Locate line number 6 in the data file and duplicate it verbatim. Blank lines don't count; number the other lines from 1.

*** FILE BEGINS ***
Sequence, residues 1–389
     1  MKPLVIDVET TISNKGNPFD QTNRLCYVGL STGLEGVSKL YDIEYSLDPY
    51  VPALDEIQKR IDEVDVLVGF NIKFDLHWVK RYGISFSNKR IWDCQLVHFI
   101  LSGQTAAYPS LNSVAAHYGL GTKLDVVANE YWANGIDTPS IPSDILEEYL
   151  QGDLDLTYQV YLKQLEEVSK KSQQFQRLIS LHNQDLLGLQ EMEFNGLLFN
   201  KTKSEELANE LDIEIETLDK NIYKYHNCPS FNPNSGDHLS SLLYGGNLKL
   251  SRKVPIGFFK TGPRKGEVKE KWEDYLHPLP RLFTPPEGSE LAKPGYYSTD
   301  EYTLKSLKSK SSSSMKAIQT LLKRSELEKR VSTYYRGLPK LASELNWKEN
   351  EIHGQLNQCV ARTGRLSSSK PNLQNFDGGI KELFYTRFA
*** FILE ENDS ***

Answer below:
   201  KTKSEELANE LDIEIETLDK NIYKYHNCPS FNPNSGDHLS SLLYGGNLKL